What is Arbitration?
Arbitration is one of the Alternative Dispute Resolution in which the neutral third party makes the binding decision in a dispute between the parties. As per International Chamber of Commerce (ICC), arbitration is a dispute resolution mechanism that provides diverse users worldwide with a neutral forum, a uniform system of enforcement and the procedural flexibility that allows parties to tailor-make a procedure to suit their needs in each case.
What does Indian Arbitration need to make it up to international level?
The following principles are necessary for an effective, efficient and safe seat for the conduct of International Arbitration:
- LAW: A clear effective, modern International Arbitration law that shall recognise and respect the choice of party’s choice of arbitration as the method of settlement of disputes by providing the necessary framework for facilitating fair and just resolution to the disputes; limiting court intervention in disputes that parties have agreed to resolve by arbitration; and, striking a proper balance between confidentiality and appropriate transparency in investor-state arbitration.
- JUDICIARY: An independent judiciary, competent, efficient, with expertise in International Commercial arbitration.
- LEGAL EXPERTISE: An independent and competent legal expertise in International Arbitration and International Disputes Resolution that shall provide significant choice to the parties.
- EDUCATION: There is a dire need of commitment to the need of education of counsel, arbitrators, the judiciary experts, students of International Arbitration and further developments towards the need of arbitration.
- PHYSICAL & TECHNOLOGICAL FACILITIES: Infrastructure needs to be developed. Online dispute resolution and e-filing and analytics of arbitration need to be brought in India. Some other examples of tech-infra are – ability to connect through net-connectivity and, therefore, no adjustments will be needed if any of the arbitrator is not present; recording of the proceedings. This in turn would be time saving and will make record keeping easy.
- ETHICS: There is a need to develop the norms of international ethical principles governing the behaviour of arbitrators and counsel.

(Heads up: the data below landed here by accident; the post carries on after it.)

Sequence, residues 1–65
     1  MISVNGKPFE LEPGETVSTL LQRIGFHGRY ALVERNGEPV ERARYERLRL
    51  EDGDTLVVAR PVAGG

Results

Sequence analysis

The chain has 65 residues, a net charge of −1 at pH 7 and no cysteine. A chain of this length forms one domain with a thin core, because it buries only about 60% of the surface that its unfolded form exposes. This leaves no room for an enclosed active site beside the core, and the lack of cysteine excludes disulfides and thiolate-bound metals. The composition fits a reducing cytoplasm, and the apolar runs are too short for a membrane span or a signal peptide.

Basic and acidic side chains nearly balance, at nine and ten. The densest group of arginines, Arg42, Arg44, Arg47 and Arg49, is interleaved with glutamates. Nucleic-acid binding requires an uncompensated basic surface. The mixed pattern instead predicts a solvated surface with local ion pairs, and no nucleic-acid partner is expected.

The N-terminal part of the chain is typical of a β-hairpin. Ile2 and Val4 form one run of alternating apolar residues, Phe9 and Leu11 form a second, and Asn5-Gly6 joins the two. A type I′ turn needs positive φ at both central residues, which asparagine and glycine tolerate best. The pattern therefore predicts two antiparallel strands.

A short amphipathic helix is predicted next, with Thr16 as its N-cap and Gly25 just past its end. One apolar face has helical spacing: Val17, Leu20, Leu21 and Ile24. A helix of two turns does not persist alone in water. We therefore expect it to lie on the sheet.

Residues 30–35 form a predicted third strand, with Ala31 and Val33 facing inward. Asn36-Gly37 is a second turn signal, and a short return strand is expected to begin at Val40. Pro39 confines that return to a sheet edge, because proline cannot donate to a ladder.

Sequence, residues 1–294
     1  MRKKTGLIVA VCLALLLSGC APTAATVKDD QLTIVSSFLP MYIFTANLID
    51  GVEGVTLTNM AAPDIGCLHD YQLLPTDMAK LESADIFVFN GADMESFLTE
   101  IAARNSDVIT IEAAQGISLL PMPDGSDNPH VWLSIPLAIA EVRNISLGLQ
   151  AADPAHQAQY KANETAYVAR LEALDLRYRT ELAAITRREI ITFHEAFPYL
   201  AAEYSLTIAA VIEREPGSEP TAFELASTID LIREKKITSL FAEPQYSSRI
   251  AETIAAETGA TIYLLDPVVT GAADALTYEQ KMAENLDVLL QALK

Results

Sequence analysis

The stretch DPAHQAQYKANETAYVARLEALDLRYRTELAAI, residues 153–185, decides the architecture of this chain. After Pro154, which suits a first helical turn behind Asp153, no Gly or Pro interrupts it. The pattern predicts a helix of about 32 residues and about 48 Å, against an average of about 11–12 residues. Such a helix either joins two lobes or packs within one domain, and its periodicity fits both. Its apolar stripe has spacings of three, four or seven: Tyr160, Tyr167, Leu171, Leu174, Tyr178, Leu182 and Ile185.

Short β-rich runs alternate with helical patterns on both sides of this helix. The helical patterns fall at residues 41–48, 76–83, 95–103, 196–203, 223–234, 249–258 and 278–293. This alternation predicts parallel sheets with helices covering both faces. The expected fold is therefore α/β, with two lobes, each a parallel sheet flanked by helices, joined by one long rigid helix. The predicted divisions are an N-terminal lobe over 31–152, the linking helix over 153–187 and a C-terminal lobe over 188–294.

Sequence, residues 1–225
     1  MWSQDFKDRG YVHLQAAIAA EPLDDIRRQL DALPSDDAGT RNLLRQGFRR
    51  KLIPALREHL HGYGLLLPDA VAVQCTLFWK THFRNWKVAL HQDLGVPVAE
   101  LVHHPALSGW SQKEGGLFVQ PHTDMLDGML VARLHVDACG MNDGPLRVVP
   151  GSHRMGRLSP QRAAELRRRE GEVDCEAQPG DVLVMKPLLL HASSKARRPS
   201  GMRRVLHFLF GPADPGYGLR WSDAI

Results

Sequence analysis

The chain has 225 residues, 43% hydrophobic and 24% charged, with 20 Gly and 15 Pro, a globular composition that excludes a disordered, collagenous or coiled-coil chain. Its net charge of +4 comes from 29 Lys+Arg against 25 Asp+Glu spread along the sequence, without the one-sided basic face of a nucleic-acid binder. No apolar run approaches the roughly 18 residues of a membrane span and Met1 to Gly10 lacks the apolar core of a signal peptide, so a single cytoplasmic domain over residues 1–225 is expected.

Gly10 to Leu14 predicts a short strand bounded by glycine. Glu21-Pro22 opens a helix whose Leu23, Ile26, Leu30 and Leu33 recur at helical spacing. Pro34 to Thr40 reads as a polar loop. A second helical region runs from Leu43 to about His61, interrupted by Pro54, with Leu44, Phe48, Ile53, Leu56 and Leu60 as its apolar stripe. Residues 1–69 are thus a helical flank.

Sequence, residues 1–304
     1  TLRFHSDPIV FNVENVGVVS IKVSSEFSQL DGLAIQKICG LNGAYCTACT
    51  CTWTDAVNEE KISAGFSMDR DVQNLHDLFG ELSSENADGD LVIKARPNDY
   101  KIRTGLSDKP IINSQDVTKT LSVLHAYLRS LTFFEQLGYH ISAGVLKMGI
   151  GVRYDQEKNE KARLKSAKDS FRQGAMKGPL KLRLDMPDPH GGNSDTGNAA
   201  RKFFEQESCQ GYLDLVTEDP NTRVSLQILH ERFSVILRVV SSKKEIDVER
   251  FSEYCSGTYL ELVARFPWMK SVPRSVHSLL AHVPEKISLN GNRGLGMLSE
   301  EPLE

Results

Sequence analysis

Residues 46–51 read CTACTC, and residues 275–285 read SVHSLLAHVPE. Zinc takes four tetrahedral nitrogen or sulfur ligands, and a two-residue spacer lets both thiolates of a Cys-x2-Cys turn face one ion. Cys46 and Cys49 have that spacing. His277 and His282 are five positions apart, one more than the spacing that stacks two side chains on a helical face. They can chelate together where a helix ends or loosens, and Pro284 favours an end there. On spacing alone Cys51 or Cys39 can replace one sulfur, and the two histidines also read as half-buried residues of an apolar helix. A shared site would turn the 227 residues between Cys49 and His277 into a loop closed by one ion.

- ENFORCEABILITY: A strict adherence to the principles, rules and norms enacted is required.
- IMMUNITY: An arbitrator should have immunity from any civil liability for anything done or omitted to be done by the arbitrator in good faith (as an arbitrator).
Besides all the above-mentioned factors the following are also required for both national and international level of arbitration:
- Institutional mechanism needs to be strengthened.
- There is a need of marketing arbitration both in India and global enterprise.
- Physical and technological infrastructure & judicial mechanism and interpretation.
- Transparency in the arbitration process and also in the appointment of the arbitrators.
- Speedy and cost efficient process without compromising on the quality and process.
- Setting of an independent appointment system. This should be well served by an independent appointment authority set up Supreme Court with the help f a group of International people having expertise in arbitration.
- A public policy should be made by Government of India to stalk private institutions. And such private institutions must have a branding and official recognition, credibility and ecosystem.
- Also, there is need of self-supporting, fully independent working arbitration centres where we can have access to the arbitration precedents.
- Domain expertise should be the test to check the eligibility
LOSSES DUE TO THE LOOPHOLES AND LACK OF ARBITRATION MECHANISM IN INDIA
Arbitration is preferred by many companies in a dispute than normal legal process because it is more expeditious, though a costlier affair but its award is enforceable in foreign jurisdictions as well. All the major disputes of companies such as Vodafone, NIT DoCoMo v. Tata Teleservices moved to the international arbitration centres due to cumbersome process in India. The need of arbitration comes in the backdrop of the immense losses suffered by the business enterprises and the economy at large. This keeps resources and money of the businesses trapped till resolution of the dispute. This is a major disincentive for foreign companies coming to invest in India. So they seek alternatives. One such alternative is arbitration which can be cost effective and quick.
And as a result of the weak arbitration mechanism of India, foreign companies that partner with Indian businesses are approaching the companies outside the India for dispute resolution. In the World Bank report, the Enforcement of Contacts in India fares poorly and ranks 178 out of 1189 countries. The World Bank suggests that improving the mechanism to resolve commercial disputes in India will go a long way in bettering the India’s rank. Many Indian companies are going to arbitration centres like Singapore, London, Paris taking a huge chunk of resolution business outside India. In 2012, 49 out of the total 235 cases in Singapore International Arbitration Centre (SIAC) involved an Indian part. This figure grew to 85 out of 259 cases in 2013.
To overcome the problems in Indian Arbitration Mechanism, Indian Parliament has recently passed an Amendment to the Arbitration and Conciliation Act, 1996.
ABOUT THE AUTHOR
Tesu Gupta is a third-year B.A.LLB(H) student of Jagan Nath University, Haryana. She has participated in many moot court competitions and paper presentations. Passionate about law and legal research, her area of interest is Arbitration. She has won the intra-university moot court competition and received the ‘Best Presenter’ award.
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